Aims/introduction: Hyperglycemic crises without a history of diabetes have not been well studied. We compared the clinical characteristics of patients with and without a history of diabetes, and evaluated the glycated hemoglobin levels.
Materials and methods: Consecutive adult patients (aged >18 years) visiting the emergency department (ED) between January 2004 and December 2010 were enrolled if they met the criteria for a hyperglycemic crisis. Patients were separated into those without and those with a history of diabetes. The 30-day mortality was the primary end-point.
Results: We enrolled 295 patients who made 330 visits to the ED. Patients without a history of diabetes made up 24.5% (81/330) of the hyperglycemic crises. Patients without a history of diabetes were more prone than patients with a history of diabetes to be younger and male, and to have better consciousness and renal function, more significant diabetic signs and symptoms (e.g., thirst, polydipsia, polyuria and bodyweight loss), higher blood sugar, and less opportunity of infection and mortality. Most of the patients (93.8%, 76/81) had glycated hemoglobin of ≥6.5%.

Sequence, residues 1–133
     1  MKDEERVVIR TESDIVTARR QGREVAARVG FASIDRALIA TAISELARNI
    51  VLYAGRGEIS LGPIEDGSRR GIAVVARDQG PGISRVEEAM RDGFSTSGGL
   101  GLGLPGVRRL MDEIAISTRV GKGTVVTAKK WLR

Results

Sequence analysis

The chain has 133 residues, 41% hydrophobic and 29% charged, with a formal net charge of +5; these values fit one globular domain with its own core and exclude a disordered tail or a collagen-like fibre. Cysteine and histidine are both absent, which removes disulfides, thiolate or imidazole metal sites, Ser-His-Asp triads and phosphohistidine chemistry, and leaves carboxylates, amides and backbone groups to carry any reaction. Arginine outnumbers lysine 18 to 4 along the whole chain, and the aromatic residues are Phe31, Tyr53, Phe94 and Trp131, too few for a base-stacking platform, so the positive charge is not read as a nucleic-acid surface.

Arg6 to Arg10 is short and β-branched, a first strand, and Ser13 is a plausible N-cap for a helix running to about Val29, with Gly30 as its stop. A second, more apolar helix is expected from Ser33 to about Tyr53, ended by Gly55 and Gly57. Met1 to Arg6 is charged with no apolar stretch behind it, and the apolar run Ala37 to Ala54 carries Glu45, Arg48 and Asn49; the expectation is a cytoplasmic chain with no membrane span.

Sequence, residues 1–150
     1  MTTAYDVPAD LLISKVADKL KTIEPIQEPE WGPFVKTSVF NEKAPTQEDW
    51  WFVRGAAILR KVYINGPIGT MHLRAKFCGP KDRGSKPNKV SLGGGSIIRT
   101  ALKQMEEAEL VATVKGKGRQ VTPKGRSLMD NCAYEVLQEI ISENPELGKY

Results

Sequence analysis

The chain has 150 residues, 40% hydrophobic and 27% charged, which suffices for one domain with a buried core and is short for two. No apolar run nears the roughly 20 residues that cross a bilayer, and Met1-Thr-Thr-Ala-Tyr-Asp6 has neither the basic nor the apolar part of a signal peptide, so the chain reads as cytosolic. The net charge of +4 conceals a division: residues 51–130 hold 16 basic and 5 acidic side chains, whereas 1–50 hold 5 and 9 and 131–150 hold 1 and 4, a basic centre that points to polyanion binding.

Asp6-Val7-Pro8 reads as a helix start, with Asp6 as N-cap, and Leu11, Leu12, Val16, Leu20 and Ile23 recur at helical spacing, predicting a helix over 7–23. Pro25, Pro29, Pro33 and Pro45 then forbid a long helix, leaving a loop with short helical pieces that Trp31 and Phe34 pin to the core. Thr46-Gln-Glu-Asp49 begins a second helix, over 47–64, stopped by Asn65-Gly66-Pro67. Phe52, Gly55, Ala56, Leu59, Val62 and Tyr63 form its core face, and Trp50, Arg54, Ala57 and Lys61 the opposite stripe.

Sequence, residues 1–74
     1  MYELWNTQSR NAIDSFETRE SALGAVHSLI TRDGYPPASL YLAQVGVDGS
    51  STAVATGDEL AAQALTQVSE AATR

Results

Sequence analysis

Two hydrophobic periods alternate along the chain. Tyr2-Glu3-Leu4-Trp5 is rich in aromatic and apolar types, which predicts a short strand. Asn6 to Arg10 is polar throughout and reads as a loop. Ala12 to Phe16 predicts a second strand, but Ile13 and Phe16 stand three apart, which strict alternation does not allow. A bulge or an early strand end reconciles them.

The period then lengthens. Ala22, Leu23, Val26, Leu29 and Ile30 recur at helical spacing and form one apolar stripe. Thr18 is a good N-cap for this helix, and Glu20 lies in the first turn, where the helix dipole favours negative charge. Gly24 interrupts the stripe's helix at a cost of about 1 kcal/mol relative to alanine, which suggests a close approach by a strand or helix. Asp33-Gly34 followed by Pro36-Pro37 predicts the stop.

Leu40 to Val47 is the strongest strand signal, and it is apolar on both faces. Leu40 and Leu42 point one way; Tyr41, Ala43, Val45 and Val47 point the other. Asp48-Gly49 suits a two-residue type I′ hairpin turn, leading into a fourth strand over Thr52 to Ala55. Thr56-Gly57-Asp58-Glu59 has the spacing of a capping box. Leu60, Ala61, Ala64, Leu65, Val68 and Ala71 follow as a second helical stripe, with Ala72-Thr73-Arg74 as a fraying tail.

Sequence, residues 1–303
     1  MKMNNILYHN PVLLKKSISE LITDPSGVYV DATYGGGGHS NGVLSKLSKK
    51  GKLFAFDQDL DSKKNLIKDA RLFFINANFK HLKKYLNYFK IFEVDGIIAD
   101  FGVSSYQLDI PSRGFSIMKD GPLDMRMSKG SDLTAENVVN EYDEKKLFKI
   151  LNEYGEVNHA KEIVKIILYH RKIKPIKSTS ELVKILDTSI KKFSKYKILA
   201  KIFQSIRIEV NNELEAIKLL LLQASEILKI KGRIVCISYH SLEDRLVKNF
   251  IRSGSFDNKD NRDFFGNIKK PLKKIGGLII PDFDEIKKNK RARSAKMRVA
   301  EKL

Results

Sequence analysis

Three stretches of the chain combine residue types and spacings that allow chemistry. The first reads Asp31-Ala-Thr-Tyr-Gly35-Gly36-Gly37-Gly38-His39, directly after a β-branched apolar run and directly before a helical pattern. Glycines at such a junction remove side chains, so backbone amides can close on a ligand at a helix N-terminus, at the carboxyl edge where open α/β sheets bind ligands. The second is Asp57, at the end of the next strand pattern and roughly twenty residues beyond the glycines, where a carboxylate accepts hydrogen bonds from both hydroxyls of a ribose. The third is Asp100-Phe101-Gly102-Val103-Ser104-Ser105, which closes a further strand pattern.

Conclusions: The present study delineates the clinical characteristics of patients with hyperglycemic crises, but without a history of diabetes. Most patients had glycated hemoglobin ≥6.5%, which raises the argument of using this biomarker for routine screening of diabetes.
Keywords: Hyperglycemic crisis; Mortality; New-onset.